Following the consolidation of power, the Government also acknowledged the deep institutional constraints on basic functions such as policymaking, service delivery, and regulation.

Core public management systems at the federal and regional levels were hampered by outdated civil service legislation and working systems; the absence of a medium-term planning and budgeting framework; ineffective financial and personnel management controls; inadequate civil service wages and inappropriate grading systems; poor capacity for strategic and cabinet-level decision-making; and insufficient focus on modern managerial approaches to service delivery.

In 1994, a task force was commissioned to conduct a diagnostic overview. The primary phase of diagnosis and taking stock of the problems facing the civil service ended in February, 1996, with the identification of weaknesses in the ways the civil service managed its financial and human resources, delivered services to the public, strategic priorities and performances and monitoring and evaluation of top management.

Following the identification of problems, efforts were made to reform the system by providing, among other things, training to civil servants at federal and regional levels.

In recognition of these constraints, the Government embarked on a comprehensive Civil Service Reform Program (CSRP) in 1996, marking the second reform phase. Indicative of Ethiopia’s “first generation” capacity building efforts, the CSRP sought to build a fair, transparent, efficient, effective, and ethical civil service primarily by creating enabling legislation, developing operating systems, and training staff in five key areas: (i) Expenditure Control and Management, (ii) Human Resource Management, (iii) Service Delivery, (iv) Top Management Systems, and (v) Ethics.

Successful efforts (for example, budgeting, planning, and accounting reforms) at the federal level were intended to provide prototypes for regional authorities. The CSRP was also influenced by the international New Public Management trend, and reforms in New Zealand in particular.

The good governance drive also faced some delays due to the Ethio-Eritrea border conflict 1998-2000. However, some achievements which may pave the way for full implementation of the CSRP were witnessed.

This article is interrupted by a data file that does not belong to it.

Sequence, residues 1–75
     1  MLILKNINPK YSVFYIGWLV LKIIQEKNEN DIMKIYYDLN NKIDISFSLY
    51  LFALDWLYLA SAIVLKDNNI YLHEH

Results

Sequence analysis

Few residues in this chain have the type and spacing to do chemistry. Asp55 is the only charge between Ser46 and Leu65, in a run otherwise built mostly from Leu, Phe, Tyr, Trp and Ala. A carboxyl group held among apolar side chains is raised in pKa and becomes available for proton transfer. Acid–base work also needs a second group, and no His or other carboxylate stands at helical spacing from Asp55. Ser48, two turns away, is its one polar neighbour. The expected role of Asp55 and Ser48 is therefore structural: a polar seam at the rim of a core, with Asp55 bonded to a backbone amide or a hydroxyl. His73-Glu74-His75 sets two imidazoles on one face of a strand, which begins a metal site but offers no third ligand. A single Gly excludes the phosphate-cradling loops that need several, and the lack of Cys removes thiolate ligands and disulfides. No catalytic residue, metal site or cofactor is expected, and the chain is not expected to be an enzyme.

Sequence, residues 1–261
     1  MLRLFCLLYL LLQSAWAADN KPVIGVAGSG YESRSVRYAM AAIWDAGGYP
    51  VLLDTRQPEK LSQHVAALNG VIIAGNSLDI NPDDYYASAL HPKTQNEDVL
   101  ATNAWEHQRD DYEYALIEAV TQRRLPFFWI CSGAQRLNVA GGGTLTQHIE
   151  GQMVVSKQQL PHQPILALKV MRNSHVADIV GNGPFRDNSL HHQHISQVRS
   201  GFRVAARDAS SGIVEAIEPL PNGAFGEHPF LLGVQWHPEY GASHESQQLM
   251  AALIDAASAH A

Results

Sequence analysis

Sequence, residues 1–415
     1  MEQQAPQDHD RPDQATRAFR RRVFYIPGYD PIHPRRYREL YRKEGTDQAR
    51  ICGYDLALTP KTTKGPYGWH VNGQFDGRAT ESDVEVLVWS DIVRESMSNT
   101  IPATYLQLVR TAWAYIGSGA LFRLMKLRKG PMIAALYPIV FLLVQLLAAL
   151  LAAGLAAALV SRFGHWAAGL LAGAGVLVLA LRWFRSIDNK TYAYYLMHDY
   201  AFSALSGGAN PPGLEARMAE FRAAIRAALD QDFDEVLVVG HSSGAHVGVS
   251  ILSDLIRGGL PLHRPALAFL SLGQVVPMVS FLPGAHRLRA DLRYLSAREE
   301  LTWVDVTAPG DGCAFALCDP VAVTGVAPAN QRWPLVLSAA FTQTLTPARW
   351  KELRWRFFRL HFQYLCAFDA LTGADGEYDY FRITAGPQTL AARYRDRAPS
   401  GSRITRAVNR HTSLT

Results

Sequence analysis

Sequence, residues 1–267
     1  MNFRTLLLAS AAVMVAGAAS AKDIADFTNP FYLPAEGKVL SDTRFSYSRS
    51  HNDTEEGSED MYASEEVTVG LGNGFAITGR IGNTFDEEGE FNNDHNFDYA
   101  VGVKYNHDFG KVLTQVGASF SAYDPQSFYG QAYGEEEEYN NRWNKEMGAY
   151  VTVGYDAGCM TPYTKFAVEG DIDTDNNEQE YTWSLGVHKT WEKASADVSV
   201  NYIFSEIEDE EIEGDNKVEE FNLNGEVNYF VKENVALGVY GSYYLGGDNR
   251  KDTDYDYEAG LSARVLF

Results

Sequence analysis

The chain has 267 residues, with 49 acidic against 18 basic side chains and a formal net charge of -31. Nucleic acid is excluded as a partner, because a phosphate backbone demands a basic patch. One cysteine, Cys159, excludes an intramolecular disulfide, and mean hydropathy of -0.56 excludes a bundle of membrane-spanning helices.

Among other things, the development of new legislation (for example, a financial management proclamation, a civil service law, a code of ethics, complaints-handling procedures, and a service delivery policy) as well as operating systems for budgeting, procurement, and some aspects of personnel management such as salary surveys and records management.

However, due to various problems including lack of capacity, only limited successes were made in bringing about improvements in performance and service delivery, effective policy formulation, programme and project execution as well as in tackling other problems of the civil service in general.

The problems are much more serious in regions such as Afar, Benishangul-Gumuz, Gambela and Somalia where civil service performance and public service delivery are at a rudimentary stage. The problem is aggravated by weak civil service structures and human and institutional capacities.

The most recent reform phase began in September 2001, with the launch of the Public Sector Capacity Building Support Program (PSCAP), which also revived the CSRP. The Government has moved quickly to prepare the CSRP for its “full implementation” across all regions and levels of government. Pilot studies and special programs on performance and service delivery improvements in selected Ministries, Agencies, and Bureaus have been initiated.

These include; the establishment of focal points responsible for reform implementation across tiers of government; a series of workshops undertaken to sensitize the political leadership and civil servants across the country; and the launch of a “special program” of Performance and Service Delivery Improvement Policy (PSIP) in priority Ministries, Agencies, and Bureaus designed to deepen the implementation of performance management. PSIP, along with other reform programme areas, have promoted Business Process Reengineering (BPR) as a key management initiative, particularly in those ministries that interface directly with the private sector.